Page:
Finding a balance between home and the church

Diocese of the Armenian Church of America (Eastern)
630 Second Avenue, New York, NY 10016
Contact: Jake Goshert, Coordinator of Information Services
Tel: (212) 686-0710 Ext. 60; Fax: (212) 779-3558
E-mail: [email protected]

March 8, 2005


It is hard enough for lay people to balance their work life and family
life. But when you’re a clergyman, and your work can deal with life or
death issues — and you could be needed any time of the day, any day of
the week — it is tougher to find that balance.

Finding that balance was the focus of three regional Lenten clergy
retreats this year, which brought together all the clergy of the Diocese
of the Armenian Church of America (Eastern) to discuss this issue, pray
and reflect on their ministry, and meet with Archbishop Khajag
Barsamian, Primate of the Diocese.

“Finding the right balance is something we don’t think about very much,
but we quickly realized that we haven’t addressed it as much as we
should. These retreats were a good awakening to acknowledge that we
have a responsibility to ourselves as well as to the church,” said Fr.
Karekin Kasparian, coordinator of the Diocese’s pastoral support
ministry who organized the three regional retreats.

“It’s a serious issue. We discovered it is more serious than we
thought. Many clergymen are on duty 24 hours a day, to the exclusion of
their families. They devote themselves to church work and don’t realize
the damage that causes to their families,” he added.

Even celibate priests can have problems finding the right balance, Fr.
Kasparian said. While they may not have wives and children, they do
have parents and other loved ones to care for.

“Many celibate priests have family members who live with them or are in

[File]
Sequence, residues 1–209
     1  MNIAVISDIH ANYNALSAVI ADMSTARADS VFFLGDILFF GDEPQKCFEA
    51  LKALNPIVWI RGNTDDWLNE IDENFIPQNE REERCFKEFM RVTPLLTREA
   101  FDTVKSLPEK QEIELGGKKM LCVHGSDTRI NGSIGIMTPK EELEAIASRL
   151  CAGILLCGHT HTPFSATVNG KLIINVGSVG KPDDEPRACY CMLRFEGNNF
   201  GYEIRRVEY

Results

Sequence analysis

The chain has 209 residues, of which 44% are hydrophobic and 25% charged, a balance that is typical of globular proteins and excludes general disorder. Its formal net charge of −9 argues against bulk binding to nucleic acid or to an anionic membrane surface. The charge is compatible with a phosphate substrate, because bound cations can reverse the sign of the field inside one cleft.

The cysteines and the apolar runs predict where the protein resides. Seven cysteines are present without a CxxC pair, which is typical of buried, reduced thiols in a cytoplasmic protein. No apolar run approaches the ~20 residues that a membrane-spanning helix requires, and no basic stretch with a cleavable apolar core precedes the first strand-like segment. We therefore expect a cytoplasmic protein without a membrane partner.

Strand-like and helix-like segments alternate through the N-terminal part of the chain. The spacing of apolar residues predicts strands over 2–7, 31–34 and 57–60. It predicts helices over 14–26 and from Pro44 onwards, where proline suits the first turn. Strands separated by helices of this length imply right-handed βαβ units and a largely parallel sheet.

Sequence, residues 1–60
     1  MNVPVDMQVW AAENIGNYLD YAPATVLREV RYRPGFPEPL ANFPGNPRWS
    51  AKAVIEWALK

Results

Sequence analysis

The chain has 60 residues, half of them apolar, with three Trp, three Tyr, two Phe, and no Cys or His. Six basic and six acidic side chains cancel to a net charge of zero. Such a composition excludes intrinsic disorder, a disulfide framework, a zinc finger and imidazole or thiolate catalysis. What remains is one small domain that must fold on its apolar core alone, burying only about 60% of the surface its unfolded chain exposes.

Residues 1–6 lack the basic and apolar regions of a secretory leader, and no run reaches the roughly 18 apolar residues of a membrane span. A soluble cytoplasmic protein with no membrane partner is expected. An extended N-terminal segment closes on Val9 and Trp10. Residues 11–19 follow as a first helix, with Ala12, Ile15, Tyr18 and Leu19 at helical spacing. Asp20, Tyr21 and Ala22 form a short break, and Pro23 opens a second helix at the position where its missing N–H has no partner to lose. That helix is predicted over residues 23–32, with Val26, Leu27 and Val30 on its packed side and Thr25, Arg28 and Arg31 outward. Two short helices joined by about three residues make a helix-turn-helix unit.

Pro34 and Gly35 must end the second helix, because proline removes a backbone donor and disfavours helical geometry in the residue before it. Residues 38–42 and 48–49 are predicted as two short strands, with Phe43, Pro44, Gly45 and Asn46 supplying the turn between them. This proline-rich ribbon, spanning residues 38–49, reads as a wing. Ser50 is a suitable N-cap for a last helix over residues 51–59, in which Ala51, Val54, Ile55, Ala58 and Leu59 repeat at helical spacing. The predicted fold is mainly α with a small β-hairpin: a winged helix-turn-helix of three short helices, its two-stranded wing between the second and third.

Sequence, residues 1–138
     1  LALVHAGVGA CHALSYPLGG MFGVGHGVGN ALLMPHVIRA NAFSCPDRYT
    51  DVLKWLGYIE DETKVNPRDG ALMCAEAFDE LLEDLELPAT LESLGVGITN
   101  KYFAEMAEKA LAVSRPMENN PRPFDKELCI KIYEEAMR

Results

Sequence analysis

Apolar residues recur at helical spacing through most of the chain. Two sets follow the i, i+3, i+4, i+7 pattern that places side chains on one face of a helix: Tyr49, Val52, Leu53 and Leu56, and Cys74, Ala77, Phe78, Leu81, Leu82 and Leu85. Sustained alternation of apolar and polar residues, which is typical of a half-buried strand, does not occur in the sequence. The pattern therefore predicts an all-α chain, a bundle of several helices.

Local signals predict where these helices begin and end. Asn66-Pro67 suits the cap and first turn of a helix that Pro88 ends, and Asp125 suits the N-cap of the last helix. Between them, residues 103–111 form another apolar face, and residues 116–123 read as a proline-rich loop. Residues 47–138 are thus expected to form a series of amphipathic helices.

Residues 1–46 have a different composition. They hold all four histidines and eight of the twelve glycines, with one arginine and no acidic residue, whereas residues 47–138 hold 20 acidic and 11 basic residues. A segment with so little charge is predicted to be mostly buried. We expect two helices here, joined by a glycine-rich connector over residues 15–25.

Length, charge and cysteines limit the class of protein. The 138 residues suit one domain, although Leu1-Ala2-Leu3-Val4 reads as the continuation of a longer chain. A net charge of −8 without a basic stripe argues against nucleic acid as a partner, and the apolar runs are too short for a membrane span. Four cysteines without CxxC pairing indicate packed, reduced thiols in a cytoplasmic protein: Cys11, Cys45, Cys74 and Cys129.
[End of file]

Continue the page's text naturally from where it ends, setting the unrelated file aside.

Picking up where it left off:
their care,” Fr. Kasparian said. “The priests need to care for their
loved ones and care for themselves. Physical exercise, mental
stimulation, spiritual nourishment — all these are part of the
obligations of the clergy to keep themselves healthy and sane.”

Foreign-born priests are especially likely to put the needs of their
family and self to one side, Fr. Kasparian said, because it was drilled
into them early in their career that that is how a good priest acts.

However, Fr. Kasparian said when a priest wears himself out or ignores
the needs of his family, he can not be an effective pastor no matter how
much time he devotes to his flock.

“The Lord comes first, but it was repeatedly said during these retreats
that if you are not healthy and happy in yourself, you cannot serve
others,” he said. “We need to be more aware and exercise more care in
maintaining that balance so neither part of our lives will suffer.”

— 3/8/05

E-mail photos available on request. Photos also viewable in the News
and Events section of the Eastern Diocese’s website,

PHOTO CAPTION (1): Archbishop Khajag Barsamian, Primate of the Eastern
Diocese, meets with clergymen from the Mid-Atlantic region, during one
of three regional Lenten retreats in 2005.

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